Confessions of a Bitcoin Skeptic

blockchain-3446557_960_720I am a Bitcoin skeptic, a skeptic of all cryptocurrencies actually. I am certainly not an expert, but I have kept my eye on Bitcoins since I first heard about them in 2010. I found the technology behind cryptocurrencies interesting. Not the mining aspect, that just seemed silly, but the blockchain itself.

I will admit that I was a bit jealous back in 2013 when an IBM coworker bought a Bitcoin and the value shot up shortly after (Yes Jim, I am talking about you). If memory serves me correctly, that was shortly before the infamous Silk Road got shut down, important here because it relied on Bitcoin for its transactions.

I was even more jealous in 2017 when Bitcoin value surged to astronomical heights, and here all I had was a small fraction of a coin that I collected from free Bitcoin faucets.

The thing is, I would have immediately changed it into American currency in both cases. Bitcoin is only as valuable to me as what I can get in currency for it. It is like a lottery ticket. The ticket itself has no value, just what you can get for it if you win. You don’t want the ticket for the sake of the ticket, you want the cash they give you for the ticket.

packs-163497_1280.jpgThat sums up Bitcoin to me. Worthless unless I can get cash for it so I won’t buy it. And the free fractional coin I had, I cashed out using it to make a purchase in a 2-hour long transaction. The claims of it being better than cash seeming laughable by how long it took to verify my purchase. (*I realize Ethereum has worked to solve this issue)


Bitcoin and indeed all cryptocurrencies have several problems

  • Whether you believe anonymity is a benefit or not, I have no way to prove I had 100 Bitcoins in a wallet on my crashed phone
  • Higher technical need to keep a wallet backed up with RAID, something an average person cannot or does not want to understand
  • Online storage wallets just create the same security issues as a bank. Where’s the advantage?
  • I can achieve more anonymity if I just use all cash
  • The only benefit is the ability to “anonymously” make transactions online– which didn’t help silk road or some of the people caught making illegal purchases; if someone really wanted to they will find you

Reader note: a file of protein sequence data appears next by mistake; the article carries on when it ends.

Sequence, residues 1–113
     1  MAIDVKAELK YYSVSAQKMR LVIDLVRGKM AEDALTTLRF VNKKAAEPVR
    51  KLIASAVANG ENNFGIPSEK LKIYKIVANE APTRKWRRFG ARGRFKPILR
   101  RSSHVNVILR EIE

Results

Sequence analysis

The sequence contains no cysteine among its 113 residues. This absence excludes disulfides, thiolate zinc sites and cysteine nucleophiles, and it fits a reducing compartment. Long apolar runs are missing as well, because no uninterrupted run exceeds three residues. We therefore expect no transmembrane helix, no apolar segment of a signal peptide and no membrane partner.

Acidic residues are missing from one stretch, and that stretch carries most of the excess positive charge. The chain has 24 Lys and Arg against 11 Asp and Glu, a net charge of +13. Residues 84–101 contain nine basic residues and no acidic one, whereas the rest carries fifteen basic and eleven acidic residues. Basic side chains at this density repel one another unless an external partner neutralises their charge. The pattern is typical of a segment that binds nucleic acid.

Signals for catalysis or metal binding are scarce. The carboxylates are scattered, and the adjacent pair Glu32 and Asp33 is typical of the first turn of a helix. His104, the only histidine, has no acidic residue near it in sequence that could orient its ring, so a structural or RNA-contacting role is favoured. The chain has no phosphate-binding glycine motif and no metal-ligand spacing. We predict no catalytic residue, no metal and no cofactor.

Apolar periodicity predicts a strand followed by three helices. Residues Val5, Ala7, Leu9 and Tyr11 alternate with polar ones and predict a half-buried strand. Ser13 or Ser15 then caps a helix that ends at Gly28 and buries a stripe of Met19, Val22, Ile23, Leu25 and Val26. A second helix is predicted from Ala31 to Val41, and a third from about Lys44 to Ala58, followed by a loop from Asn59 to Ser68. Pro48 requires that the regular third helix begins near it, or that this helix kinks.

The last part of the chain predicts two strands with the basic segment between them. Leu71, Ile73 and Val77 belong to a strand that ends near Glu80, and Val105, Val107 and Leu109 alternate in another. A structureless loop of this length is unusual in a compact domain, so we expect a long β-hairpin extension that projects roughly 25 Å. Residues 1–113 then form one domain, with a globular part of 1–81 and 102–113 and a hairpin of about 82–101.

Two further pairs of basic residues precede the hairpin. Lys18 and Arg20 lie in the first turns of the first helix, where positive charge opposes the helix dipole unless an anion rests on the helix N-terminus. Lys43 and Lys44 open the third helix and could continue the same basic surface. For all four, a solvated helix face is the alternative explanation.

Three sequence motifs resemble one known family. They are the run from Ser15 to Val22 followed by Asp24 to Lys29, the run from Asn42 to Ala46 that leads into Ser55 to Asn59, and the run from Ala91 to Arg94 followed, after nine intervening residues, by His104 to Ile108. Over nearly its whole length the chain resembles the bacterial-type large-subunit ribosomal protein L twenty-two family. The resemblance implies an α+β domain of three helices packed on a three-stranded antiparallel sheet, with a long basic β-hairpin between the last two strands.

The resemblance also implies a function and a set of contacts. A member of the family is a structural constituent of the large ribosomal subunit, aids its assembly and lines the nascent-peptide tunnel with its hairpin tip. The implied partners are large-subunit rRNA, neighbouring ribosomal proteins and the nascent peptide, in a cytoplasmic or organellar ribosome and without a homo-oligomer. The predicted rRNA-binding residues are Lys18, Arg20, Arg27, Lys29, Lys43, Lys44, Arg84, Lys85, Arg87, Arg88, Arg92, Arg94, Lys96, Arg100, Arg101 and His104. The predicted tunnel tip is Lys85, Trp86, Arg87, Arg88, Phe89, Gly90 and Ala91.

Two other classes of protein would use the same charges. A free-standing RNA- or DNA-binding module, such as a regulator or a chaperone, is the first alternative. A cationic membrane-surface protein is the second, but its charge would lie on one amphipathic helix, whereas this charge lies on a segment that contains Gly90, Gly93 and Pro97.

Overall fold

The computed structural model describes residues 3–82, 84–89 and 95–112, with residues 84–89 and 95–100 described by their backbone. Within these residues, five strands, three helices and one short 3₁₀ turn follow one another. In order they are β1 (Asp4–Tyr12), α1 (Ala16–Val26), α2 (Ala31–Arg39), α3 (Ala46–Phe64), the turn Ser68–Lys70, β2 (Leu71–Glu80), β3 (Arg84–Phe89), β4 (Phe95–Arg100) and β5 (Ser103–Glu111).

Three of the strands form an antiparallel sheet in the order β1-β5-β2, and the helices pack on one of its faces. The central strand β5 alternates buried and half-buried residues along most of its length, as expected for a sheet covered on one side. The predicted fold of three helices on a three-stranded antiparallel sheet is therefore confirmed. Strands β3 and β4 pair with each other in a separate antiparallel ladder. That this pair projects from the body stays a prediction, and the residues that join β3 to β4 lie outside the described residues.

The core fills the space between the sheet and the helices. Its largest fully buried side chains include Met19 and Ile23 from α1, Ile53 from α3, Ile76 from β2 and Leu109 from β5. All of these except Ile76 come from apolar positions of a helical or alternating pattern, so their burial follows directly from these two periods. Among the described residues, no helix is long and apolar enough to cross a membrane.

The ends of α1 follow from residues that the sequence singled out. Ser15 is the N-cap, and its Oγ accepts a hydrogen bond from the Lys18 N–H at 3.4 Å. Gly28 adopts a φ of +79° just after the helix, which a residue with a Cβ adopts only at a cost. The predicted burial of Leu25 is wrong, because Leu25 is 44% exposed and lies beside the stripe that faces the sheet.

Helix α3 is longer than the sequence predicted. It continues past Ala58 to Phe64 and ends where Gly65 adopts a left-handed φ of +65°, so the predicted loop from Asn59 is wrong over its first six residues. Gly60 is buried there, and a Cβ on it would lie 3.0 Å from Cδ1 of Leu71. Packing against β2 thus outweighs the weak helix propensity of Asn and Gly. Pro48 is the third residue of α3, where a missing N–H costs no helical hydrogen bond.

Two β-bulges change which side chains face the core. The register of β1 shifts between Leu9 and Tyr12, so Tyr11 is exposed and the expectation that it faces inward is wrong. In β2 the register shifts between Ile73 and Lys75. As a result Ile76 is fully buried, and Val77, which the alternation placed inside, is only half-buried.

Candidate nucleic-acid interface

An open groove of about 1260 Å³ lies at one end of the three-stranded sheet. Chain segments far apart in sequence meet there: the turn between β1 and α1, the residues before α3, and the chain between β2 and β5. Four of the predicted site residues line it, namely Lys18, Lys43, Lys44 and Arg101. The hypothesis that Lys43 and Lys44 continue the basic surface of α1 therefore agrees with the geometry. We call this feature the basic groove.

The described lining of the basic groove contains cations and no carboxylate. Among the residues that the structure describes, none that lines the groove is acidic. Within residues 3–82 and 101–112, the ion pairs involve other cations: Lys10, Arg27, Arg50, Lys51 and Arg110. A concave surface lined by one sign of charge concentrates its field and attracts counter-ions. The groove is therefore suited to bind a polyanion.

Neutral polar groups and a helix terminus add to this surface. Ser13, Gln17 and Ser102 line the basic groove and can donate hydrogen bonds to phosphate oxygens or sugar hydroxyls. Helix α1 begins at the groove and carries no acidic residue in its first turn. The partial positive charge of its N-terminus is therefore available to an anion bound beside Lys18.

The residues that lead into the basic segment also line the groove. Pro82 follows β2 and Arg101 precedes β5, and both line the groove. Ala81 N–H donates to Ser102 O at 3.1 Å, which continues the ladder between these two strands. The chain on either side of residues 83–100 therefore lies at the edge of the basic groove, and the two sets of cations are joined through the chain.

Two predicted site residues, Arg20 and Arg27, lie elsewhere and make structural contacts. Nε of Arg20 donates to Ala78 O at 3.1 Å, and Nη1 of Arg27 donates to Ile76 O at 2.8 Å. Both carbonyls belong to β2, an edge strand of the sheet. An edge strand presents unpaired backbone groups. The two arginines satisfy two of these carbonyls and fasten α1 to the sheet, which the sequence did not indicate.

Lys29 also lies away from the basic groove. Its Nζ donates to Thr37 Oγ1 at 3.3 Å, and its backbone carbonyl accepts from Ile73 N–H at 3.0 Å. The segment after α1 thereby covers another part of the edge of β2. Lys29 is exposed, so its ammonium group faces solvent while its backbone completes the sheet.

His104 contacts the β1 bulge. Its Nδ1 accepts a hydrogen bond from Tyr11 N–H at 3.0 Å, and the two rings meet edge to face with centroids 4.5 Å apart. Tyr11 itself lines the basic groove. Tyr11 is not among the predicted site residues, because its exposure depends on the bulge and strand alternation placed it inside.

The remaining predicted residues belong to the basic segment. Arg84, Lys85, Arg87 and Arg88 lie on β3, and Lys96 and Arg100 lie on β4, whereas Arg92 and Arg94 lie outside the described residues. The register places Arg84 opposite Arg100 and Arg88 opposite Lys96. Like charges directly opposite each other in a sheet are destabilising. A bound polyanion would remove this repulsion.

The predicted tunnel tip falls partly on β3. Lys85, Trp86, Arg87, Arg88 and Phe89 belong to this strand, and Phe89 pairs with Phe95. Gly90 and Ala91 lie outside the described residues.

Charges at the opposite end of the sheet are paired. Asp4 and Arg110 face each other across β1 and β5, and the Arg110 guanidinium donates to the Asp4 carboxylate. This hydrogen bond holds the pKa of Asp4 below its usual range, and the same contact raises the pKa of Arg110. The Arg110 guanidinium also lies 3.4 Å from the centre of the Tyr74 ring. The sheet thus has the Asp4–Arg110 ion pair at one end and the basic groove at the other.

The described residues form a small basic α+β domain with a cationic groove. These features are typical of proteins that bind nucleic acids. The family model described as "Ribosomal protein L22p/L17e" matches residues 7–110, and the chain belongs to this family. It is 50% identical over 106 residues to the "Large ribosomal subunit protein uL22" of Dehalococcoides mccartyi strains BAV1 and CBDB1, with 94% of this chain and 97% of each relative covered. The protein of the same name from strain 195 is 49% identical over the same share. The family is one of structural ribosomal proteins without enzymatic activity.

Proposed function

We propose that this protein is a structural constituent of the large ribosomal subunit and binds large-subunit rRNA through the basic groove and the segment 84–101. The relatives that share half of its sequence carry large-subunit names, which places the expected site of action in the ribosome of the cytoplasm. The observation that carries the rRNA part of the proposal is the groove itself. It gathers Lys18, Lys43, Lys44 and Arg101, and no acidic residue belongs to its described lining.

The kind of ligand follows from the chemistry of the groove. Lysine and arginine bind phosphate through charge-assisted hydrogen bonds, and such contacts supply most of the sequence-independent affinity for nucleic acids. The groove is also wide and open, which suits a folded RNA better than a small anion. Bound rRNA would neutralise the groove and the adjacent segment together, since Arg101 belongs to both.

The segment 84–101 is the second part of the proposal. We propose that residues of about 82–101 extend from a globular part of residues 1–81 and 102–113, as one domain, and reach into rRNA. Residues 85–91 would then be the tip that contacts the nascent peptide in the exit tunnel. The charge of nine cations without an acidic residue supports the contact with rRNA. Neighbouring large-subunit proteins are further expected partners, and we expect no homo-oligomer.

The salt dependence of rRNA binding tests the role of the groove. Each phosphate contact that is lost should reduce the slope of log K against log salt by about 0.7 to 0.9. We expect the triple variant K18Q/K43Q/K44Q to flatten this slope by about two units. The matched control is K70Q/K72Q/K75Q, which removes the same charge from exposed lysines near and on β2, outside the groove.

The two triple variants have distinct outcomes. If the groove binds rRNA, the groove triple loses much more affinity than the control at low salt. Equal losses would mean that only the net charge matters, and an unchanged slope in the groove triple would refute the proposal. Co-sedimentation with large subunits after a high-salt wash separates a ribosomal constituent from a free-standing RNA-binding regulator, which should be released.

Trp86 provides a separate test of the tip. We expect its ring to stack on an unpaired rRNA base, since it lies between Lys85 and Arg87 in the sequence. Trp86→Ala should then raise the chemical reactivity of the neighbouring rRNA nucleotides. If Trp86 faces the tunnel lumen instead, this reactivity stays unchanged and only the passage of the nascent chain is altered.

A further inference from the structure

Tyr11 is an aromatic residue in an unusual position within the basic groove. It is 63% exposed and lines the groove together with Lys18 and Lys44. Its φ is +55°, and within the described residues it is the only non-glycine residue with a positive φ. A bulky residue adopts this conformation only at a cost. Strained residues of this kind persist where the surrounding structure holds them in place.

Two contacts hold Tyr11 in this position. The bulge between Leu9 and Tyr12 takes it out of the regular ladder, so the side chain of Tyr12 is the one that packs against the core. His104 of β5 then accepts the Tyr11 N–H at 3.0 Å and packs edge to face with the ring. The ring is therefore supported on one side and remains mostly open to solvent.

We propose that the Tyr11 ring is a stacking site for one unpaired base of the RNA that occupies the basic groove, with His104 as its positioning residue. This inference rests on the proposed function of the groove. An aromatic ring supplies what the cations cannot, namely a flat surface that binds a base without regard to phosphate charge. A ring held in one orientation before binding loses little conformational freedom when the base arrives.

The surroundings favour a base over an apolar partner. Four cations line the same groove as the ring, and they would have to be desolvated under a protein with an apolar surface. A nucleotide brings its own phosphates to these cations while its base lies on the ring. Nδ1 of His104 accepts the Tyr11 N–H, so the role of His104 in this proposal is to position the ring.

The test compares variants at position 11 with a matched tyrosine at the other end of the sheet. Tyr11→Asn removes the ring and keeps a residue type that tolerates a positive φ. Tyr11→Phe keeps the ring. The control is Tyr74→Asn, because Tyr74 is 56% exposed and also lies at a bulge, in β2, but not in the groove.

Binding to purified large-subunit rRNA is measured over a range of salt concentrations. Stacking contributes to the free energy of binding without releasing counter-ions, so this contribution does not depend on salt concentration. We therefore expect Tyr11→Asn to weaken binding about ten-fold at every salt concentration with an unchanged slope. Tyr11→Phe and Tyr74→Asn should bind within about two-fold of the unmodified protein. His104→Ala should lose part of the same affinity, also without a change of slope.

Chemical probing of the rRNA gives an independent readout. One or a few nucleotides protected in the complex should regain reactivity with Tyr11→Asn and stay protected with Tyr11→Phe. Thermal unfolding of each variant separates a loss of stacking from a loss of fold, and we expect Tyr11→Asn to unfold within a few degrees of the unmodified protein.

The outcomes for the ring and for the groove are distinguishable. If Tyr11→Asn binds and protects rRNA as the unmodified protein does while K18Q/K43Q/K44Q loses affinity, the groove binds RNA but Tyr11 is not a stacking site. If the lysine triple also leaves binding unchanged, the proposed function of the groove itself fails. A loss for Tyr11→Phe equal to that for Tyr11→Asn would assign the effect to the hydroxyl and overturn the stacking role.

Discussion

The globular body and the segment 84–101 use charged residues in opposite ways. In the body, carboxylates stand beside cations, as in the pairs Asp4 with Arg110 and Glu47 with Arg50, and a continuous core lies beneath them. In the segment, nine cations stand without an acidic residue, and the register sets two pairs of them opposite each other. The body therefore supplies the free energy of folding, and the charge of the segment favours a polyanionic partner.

• Perhaps when you enter in your address to have the goods shipped to you – but odds are, no cares about what you are buying anyway; unless it has to do with illegal purchases
    • Technically Bitcoin is not anonymous, but pseudo-anonymous
  • Everyone involved tracks the value in standard currency, not seemingly caring about Bitcoin itself only caring about what they can get for it in cash
  • It doesn’t solve the problem with traditional currency and it introduces more problems
  • It is not a currency it is a commodity, a commodity where you own nothing and hope to get currency for it
  • Most people don’t care about it, in order for widespread adoption to occur it either has to be embraced by the average person or forced upon them; seemingly counter to its Libertarian roots
  • Most Bitcoin supporters want Bitcoin to operate outside of government regulations, but be taken seriously and become a mainstream currency

Then we have the banks. Staying away from it, like most banks have, slows down adoption and acceptance. Banks tend to stay away from it because it can be risky and volatile to invest in (Banks Editorial Team, 2018). It is not regarded as a currency because it is not a currency. It is a commodity. People buy Bitcoins, not to use for their daily cash needs, but in the hopes that the value will go up so they can get more cash.

Banks might invest to make money, but they will be less likely to take your mortgage payments in Bitcoin. Bitcoin wallets, the basic Bitcoin equivalent to a bank, would need to come under more regulations for them to be recognized as a bank. Recognizing them as a bank is pretty much a requirement if they were to deal with a currency, which Bitcoin is currently not. If somehow Bitcoin were ever recognized as a currency though, wallets would have to make 1 of 3 choices: fold up shop, become a bank and adhere to regulations, or operate illegally.



I think Blockchain has a lot of potential uses in other areas outside of being the actual currency we use. There are too many possible issues with using any cryptocurrency as an actual currency – it will most likely always be a commodity or it will come under government regulation (and still may be a commodity and not a currency).

Blockchain – that is going to revolutionize the world. That may be a bit dramatic, but it does have some impressive uses when it comes to the way we store and use data.



Banks Editorial Team (2018). “Three reasons banks are reluctant to embrace Bitcoin”. Retrieved from

Urban Dictionary, “Bitcoin” Retrieved from

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